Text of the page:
Games sector preps for election

Denham Sadler
National Affairs Editor

The Australian game development sector hopes to drive part of the national debate in the lead up to this year’s federal election, seeking a new level of political support in the wake of years of neglect.

In the last weeks of 2018, the Interactive Games and Entertainment Association (IGEA) released a document showcasing the importance and potential of the sector, along with a set of recommendations for government.

The group hopes the documents helps to kick off a debate on the need to offer policy support for the burgeoning sector as a May election fast-approaches, IGEA chief executive Ron Curry said.

Ron Curry: The games development sector deserves a higher policy profile

“We’re the last developed, English-speaking nation that doesn’t have support from the government for an industry that’s clearly growing incredibly quickly. What we’re saying to government is that there are some real opportunities that we’re missing, that are moving somewhere else,” Mr Curry told

The Australian games development sector has not had any support at a federal level since the $20 million Interactive Games Fund was cut by the Coalition in 2014. A Greens-instigated Senate inquiry into support for the sector was tabled in 2016, and after more than 600 days the government tabled its response, largely rejecting its policy recommendations.

Government policy in the games space had been non-existent for nearly five years, Mr Curry said.

“There’s been nothing from the government. We’ve had some good traction with the Opposition – they’ve been really open to having a conversation with us, but we just don’t see that same level of engagement from the government,” he said.

“They’ve thrown their hands up and effectively said, ‘we’re not having a conversation with games, we’re not into games, and we’re not supporting them.’

The IGEA report includes a recommendations to government, including a call to re-establish of the Interactive Games Fund with $40 million to “make up for lost years and to bring Australia to the global stage quicker”.

The organisation is also calling for a 30 per cent refundable tax offset for video game development, strategic funding and support for cultural, educational and serious games, assistance for shared working spaces, and a regional innovation hub, along with reviews of the taxation of crowd-sourced funding, Export Market Development Grants and the research and development tax incentives.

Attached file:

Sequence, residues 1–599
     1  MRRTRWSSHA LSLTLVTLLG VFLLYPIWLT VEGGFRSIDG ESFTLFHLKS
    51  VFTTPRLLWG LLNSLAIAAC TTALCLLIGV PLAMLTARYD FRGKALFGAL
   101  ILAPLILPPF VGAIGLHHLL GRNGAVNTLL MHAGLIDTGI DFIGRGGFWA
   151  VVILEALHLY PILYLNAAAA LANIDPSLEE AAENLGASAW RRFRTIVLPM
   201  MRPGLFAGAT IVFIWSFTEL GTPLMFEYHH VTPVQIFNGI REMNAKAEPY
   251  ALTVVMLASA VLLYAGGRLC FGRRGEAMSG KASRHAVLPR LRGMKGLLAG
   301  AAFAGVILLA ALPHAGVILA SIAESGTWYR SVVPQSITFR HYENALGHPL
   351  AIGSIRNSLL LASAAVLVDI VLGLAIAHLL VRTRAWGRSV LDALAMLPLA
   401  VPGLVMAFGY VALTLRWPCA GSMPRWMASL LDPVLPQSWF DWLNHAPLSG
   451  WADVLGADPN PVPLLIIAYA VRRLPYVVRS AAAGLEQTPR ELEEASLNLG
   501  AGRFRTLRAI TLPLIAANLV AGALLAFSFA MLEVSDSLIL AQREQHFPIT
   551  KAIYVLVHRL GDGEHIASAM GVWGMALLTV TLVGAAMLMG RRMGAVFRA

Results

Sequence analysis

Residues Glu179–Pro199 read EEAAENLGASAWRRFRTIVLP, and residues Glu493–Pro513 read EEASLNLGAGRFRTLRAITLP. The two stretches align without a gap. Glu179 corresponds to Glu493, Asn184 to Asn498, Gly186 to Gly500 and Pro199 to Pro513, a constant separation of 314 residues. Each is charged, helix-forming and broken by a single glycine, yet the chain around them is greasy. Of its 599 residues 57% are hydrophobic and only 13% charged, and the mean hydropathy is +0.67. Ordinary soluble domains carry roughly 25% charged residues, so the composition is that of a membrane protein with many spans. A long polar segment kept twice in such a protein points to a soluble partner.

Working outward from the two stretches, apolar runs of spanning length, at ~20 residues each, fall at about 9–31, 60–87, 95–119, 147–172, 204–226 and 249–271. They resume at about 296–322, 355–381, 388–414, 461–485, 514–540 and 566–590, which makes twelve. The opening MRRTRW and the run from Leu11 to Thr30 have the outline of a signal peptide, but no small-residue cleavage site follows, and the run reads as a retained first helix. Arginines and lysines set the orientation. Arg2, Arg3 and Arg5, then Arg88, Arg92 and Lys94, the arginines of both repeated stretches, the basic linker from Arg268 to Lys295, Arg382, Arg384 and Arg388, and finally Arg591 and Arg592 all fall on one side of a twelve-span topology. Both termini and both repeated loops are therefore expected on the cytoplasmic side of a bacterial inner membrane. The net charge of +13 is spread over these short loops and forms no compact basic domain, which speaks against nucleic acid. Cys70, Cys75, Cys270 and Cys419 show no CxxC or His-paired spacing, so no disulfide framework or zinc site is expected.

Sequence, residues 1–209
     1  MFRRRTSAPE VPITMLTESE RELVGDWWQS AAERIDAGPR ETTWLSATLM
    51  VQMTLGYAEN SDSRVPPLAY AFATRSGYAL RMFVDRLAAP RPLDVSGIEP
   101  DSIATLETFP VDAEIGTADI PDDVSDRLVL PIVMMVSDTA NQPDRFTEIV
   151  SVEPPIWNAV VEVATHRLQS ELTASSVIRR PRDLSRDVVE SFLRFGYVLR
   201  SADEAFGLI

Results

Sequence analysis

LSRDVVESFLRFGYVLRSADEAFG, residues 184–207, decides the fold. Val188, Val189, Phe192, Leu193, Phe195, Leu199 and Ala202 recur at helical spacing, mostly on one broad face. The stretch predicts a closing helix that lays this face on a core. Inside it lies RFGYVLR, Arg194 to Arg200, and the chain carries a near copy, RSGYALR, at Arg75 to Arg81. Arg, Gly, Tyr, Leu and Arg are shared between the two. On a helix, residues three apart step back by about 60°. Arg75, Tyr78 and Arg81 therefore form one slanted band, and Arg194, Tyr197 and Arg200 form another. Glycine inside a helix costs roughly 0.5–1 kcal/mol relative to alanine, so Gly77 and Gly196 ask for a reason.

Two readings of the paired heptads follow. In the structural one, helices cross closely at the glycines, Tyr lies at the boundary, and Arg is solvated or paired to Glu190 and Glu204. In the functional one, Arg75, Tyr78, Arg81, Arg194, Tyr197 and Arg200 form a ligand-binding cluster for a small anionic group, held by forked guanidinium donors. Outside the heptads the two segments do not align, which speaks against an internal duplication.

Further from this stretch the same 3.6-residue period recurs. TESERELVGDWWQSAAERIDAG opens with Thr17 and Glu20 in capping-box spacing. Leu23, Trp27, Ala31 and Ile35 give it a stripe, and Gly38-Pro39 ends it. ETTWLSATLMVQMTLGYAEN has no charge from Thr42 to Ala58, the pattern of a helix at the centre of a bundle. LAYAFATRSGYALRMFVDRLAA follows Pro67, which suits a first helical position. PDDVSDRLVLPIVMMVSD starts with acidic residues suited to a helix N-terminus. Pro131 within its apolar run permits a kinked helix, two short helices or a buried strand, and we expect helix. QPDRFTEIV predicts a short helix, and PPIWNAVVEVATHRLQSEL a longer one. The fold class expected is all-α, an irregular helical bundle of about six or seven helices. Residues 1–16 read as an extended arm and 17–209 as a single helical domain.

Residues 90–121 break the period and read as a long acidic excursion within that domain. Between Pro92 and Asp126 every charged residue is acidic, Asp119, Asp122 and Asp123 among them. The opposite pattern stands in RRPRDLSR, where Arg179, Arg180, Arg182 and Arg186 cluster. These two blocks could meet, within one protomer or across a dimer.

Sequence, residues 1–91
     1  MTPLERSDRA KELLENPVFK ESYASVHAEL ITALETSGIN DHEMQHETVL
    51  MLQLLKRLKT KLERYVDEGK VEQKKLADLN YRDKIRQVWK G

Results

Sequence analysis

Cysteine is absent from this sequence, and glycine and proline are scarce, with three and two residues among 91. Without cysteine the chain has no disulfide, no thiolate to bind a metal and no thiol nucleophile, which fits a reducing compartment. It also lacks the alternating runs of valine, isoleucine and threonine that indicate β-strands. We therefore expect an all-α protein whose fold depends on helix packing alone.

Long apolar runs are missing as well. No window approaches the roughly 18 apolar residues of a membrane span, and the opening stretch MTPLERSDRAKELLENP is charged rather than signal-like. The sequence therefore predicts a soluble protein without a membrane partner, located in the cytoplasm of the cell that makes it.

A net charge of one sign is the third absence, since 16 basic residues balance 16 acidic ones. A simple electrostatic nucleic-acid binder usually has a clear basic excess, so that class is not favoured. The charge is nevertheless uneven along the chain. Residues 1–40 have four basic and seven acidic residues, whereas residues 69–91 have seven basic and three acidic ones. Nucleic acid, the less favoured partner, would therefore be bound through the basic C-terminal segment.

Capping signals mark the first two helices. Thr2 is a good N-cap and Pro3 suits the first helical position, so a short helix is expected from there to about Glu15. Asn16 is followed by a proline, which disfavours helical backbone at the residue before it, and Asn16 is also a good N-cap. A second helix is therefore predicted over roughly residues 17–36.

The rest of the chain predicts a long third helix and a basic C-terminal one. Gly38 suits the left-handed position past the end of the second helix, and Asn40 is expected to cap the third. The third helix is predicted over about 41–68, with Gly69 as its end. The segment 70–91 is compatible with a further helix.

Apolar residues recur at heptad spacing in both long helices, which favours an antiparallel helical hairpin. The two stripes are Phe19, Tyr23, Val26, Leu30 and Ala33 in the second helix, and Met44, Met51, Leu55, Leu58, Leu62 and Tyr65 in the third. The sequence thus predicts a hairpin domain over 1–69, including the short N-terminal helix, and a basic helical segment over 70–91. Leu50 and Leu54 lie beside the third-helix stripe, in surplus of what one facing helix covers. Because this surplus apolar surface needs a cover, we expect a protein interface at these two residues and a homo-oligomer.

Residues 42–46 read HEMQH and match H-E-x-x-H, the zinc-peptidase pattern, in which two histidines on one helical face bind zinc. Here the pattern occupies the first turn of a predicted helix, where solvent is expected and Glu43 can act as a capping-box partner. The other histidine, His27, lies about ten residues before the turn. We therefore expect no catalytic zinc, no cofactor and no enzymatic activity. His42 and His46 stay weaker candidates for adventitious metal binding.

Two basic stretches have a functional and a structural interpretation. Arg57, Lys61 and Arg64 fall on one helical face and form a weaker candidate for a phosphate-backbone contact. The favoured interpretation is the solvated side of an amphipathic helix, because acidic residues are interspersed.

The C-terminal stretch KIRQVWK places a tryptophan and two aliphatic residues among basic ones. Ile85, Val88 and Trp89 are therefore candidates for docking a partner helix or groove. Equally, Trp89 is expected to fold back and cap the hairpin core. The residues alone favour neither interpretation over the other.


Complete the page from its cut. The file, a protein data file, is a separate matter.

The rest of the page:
“These financial incentives and support measures will kick-start the rapid growth of our game development sector through the establishment of new game studios in Australia, investment and projects flowing into Australian businesses and a range of joint ventures,” IGEA report said.

“The cost of government support for a game development sector will easily be recouped through economic growth and increased tax receipts, particularly given the export-driven global market for games. Through a budget-neutral package funded through savings that can be found by streamlining and modernising the government’s existing framework of financial incentives for the broader screen industry.”

The document emerged from discussions between games sector representatives and shadow communications minister Michelle Rowland early last year.

“As an industry we didn’t have that concise message to take to government, one document that shows a pathway to the solutions. It’s all well and good to say, ‘just give us this and that’, but the industry needed to mature and say this is why, here are the economic reasons and here’s how to move forward on that path,” Mr Curry said.

“We certainly hope it becomes part of the [broader] conversation. If someone comes to the table with a policy, we want the rest of the Shadow Cabinet to not be surprised and to understand why we’re having the conversation,” he said.

“They need to understand how important it is to the economy and that should be a natural conversation. That’s what we’re aiming for.”

Early last year Ms Rowland told that Labor was in the process of developing a “holistic” policy package for the sector.

“We’re looking at all facets of it. This isn’t perceived by us as being a niche issue – it feeds into the creative industry, national identity, media and technology. We’re looking at doing something that’s very holistic,” Ms Rowland said.

And while there has been no movement from the Coalition, IGEA will continue to lobby the relevant ministers, even if it appears likely there will be a change in government by May.

“We will always continue the conversation with the government. If the election comes and we have a change in government, the current government will be in Opposition and will still have a vote in Parliament. We want to ensure we bring everyone on the journey,” Mr Curry said.

Mr Curry points to a recent announcement by games development giant Ubisoft that the company would be investing $35 million over five years as part of its new studio in Winnipeg as evidence of the opportunities on offer if the government gets behind the sector, with the local Canadian government’s tax credits playing a big role.

“That is the incredible frustration that we feel – why isn’t that happening here? Why isn’t that being invested in Melbourne or Sydney or another city here?” he said.

Do you know more? Contact James Riley via Email.

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